Dreams vs Harsh Reality…

… or, “Be careful what you wish for”

I suppose this post is mostly for  writers in the early stages of their chosen career. I’ve written on this subject before, and in those posts I have made a very honest attempt to avoid sugar-coating what every budding writer will have to face in the first few years.

I don’t do this to scare away new authors – far from it. The more the merrier, in my opinion. Dashing into the fray without any forethought is a time-honored (if somewhat foolhardy) pastime of the young and optimistic among us.

But you do need to know what lies ahead of you. Writing that first (or second, or third) novel was tough enough, but how do you sell it, to whom do you sell it, and what exactly are you selling, and how much can you get for it?

What? You have no idea? Well, golly gee, Louise, why in the heck not?

Risk-taking is a very big part of getting ahead, and without risk takers the human race would never have gotten ahead of the lemurs on the evolutionary path. So go for it. Take risks. Get your manuscripts out there.

Contact literary agents, submit your writing directly to publishing houses. Pump out your press releases. Stay optimistic, even in the face of hundreds of rejection letters. Keep writing and don’t ever give up on yourself.

But don’t ever quit learning, either. Study the industry. Just make sure you study the readership, as well, since they are the ones who will buy your work. Please your readers, and don’t give much of a tinker’s damn about the literary agents or the publishing houses. They don’t buy your work, and hardly ever take the time to read and enjoy what you write. They will take your money, though. If you let them.

I wouldn’t. I’ve never paid a literary agent or a publishing house a single penny of my royalties, and never will. There was a time in the publishing industry when a writer had no choice but to submit their work – and their livelihood, and their dreams – to the whims of agents and publishers, but that day is happily done and over with, thank heaven.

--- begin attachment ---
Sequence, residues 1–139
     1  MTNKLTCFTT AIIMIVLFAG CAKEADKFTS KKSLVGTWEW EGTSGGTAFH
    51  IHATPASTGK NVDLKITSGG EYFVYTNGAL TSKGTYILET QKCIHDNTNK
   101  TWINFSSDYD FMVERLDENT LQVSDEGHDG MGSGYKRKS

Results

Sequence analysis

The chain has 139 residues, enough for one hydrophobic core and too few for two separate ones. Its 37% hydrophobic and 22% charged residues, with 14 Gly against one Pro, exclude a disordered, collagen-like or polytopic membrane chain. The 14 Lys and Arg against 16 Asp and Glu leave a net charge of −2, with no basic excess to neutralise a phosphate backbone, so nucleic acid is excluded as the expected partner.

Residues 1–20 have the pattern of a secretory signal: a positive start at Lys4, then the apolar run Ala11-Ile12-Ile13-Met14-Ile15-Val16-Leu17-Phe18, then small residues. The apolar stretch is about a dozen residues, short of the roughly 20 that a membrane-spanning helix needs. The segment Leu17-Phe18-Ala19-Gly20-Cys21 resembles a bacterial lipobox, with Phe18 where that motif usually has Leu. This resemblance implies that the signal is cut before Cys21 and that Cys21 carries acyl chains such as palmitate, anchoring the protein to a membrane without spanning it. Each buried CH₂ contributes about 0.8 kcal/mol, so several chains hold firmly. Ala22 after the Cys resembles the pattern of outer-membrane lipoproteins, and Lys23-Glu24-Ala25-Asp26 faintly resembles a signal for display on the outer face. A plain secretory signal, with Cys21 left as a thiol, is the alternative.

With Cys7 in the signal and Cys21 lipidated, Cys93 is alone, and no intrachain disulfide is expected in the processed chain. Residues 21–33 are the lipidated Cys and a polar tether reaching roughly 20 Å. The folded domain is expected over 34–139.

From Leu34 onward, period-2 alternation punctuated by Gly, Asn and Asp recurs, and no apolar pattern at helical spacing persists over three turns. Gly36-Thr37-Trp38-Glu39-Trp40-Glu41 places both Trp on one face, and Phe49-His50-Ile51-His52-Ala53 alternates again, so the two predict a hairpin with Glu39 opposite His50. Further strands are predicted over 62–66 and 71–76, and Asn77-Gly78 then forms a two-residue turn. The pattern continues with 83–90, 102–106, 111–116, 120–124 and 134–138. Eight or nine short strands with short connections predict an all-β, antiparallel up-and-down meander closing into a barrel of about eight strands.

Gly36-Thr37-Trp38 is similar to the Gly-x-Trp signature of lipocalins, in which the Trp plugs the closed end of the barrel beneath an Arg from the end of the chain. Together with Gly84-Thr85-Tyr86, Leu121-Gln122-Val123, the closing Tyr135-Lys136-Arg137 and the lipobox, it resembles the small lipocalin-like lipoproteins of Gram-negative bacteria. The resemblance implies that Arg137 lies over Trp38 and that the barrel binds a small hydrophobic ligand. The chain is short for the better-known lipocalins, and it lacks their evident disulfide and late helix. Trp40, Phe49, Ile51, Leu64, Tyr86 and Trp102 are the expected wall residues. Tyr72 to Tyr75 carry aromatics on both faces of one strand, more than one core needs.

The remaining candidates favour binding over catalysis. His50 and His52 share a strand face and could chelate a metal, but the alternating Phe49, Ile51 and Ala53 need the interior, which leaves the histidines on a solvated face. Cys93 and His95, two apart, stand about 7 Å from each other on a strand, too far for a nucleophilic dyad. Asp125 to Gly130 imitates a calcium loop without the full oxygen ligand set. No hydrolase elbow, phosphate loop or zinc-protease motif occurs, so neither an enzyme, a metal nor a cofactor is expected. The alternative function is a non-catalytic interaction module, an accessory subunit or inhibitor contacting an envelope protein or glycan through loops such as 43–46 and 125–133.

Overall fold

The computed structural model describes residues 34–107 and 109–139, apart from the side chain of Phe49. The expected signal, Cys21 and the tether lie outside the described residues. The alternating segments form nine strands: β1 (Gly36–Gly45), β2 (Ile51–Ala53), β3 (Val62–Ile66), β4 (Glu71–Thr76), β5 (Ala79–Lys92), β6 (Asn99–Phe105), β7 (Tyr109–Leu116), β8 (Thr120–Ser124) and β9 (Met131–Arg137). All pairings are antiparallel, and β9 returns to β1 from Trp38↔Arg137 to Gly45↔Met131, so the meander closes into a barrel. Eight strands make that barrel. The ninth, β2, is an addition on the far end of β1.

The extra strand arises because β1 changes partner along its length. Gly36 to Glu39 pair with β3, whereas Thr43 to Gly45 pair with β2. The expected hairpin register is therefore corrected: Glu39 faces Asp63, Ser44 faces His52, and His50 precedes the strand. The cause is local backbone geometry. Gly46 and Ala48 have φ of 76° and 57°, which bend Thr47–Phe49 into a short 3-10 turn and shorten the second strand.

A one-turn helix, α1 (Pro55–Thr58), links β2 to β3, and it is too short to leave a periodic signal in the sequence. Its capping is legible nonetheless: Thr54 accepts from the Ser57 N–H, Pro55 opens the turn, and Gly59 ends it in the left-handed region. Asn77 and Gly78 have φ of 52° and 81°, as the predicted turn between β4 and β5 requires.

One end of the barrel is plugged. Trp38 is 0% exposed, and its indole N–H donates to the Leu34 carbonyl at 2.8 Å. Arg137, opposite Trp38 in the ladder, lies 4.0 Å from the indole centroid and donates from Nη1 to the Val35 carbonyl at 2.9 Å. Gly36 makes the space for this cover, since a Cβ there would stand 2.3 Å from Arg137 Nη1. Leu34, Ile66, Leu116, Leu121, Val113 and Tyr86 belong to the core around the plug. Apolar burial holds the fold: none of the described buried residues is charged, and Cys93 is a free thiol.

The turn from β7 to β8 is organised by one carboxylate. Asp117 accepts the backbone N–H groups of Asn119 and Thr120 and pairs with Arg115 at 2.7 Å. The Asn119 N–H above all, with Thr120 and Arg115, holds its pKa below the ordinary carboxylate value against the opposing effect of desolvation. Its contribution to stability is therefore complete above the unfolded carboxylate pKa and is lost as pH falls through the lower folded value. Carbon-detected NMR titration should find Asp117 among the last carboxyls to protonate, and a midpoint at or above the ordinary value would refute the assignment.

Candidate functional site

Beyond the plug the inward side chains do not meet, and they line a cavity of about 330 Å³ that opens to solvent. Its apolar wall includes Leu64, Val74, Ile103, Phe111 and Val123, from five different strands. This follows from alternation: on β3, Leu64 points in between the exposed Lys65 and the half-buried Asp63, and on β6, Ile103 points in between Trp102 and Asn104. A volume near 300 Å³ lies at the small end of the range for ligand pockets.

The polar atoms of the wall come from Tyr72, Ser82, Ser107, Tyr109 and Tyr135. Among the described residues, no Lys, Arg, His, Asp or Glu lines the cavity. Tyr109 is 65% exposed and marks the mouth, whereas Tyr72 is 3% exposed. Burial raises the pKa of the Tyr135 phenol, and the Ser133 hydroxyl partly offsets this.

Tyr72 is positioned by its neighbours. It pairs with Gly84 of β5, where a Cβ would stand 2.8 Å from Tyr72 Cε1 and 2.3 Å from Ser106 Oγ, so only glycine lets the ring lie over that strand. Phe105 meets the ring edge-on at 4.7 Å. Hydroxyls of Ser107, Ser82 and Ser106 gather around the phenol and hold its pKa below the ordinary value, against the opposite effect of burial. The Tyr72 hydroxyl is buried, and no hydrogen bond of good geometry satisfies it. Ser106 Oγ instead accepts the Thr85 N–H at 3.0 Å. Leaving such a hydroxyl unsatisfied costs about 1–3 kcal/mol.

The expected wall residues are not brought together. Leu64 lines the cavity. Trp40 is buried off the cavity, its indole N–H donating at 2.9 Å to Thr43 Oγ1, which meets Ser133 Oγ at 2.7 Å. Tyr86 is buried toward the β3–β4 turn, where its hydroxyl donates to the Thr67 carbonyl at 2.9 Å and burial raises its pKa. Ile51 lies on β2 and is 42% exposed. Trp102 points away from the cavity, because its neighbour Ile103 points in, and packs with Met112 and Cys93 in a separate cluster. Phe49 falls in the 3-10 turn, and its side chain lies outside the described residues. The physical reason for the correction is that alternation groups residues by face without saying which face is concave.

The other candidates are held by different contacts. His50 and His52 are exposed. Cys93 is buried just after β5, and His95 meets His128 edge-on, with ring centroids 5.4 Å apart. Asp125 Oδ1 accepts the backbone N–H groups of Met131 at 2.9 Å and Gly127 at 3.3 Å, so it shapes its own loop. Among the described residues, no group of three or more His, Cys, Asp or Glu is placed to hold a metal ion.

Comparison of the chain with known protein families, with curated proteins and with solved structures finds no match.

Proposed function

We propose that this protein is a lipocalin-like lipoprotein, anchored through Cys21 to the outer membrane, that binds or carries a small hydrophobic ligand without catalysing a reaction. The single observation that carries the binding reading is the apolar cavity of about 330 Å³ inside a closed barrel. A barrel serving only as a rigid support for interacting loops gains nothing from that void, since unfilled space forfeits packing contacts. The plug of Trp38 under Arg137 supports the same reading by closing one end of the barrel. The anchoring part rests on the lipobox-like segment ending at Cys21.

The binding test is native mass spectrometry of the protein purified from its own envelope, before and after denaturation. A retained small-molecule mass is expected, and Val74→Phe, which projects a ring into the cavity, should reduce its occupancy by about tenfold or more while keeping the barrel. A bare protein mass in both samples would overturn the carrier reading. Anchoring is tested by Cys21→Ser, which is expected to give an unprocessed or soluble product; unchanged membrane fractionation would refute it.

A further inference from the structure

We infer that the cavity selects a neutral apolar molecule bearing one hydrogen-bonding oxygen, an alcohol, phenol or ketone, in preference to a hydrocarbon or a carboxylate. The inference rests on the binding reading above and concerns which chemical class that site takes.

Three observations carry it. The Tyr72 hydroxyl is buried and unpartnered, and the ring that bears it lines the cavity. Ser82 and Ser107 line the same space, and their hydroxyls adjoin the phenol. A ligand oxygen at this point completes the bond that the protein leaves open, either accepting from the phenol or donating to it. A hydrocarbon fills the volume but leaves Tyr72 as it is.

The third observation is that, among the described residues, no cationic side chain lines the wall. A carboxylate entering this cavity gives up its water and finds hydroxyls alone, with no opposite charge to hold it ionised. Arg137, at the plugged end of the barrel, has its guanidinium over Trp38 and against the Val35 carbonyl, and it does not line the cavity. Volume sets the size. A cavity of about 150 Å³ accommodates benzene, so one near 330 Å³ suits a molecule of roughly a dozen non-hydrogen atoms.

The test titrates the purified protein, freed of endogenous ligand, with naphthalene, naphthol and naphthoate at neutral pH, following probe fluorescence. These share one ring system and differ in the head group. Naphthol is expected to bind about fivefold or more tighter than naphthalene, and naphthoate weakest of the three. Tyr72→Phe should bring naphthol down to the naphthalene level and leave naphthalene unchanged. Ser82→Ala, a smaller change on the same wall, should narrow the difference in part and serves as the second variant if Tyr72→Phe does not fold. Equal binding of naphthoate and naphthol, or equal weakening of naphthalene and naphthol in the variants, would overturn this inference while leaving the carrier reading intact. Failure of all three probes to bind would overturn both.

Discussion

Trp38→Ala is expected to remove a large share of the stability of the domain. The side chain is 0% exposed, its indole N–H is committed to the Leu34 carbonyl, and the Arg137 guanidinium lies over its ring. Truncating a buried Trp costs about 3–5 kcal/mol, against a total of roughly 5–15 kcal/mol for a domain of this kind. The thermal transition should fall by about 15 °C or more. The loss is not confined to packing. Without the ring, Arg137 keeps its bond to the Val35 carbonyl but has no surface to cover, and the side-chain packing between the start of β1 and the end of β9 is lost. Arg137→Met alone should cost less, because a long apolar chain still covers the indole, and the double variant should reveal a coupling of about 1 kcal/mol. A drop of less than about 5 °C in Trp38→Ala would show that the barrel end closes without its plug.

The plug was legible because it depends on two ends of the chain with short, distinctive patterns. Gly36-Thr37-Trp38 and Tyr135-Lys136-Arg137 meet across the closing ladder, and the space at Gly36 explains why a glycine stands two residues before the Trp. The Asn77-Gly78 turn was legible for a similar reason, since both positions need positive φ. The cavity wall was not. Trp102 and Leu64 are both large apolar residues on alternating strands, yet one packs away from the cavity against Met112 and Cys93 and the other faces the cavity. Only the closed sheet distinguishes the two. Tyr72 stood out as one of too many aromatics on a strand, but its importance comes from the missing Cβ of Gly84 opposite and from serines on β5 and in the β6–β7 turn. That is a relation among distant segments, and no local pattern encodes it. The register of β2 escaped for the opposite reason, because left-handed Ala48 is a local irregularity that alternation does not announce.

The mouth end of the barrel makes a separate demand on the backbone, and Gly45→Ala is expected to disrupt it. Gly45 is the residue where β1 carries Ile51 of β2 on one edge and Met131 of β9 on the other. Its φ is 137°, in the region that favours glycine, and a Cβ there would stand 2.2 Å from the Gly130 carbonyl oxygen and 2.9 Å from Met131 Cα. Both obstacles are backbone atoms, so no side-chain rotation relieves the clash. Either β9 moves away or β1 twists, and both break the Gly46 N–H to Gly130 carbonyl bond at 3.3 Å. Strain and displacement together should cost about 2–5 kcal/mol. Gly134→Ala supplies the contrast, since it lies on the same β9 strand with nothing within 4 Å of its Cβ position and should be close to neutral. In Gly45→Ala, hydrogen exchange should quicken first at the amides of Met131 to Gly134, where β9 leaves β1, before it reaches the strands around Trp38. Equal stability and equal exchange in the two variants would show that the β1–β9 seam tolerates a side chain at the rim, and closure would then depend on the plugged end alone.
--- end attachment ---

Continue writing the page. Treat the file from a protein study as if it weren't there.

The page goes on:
You have options, and I strongly suggest that you consider them very carefully before you waste a single penny on postage or printing for your query letters and submission packages to agencies or publishing houses.

Research the industry. Join writer’s groups in your area. Join online writer’s groups and become current on industry trends. Study the trends among readers in your genre. Take responsibility for your own future as a writer. Don’t ever depend on a literary agent to take care of you – for the most part they are way too busy taking care of themselves to spend any time at all in looking out for your own best interest.

As I have mentioned before, writers are prey animals in the publishing world. Everybody wants a piece of you and what you earn.

You can’t even begin to learn to protect yourself until you understand that one single fact.

You can’t survive, much less get ahead, until you do. And yes, it is that important.  You are entering into a strange (in some ways very strange) new world when you complete your first novel, and you have no idea of what lies ahead of you.

Every time you sell a copy of your novel, or history, or collected works of poetry/short stories, you are taking money from a reader who just might –might – have given me his money instead. You compete with every writer in your genre for the money in your reader’s pockets.

But here’s the really odd thing about writers. We seem to like each other. It may have something to do with the herd mentality; we know we are prey animals, so we stick together. Yes, we compete for readers, but we also protect each other from the predators as best we can.

Every time your literary agent takes his 10 % or 15% out of your royalty check before sending the balance on to you, he is taking money out of your pocket and putting it into his. Ask yourself why? What has he done for you in the last six months?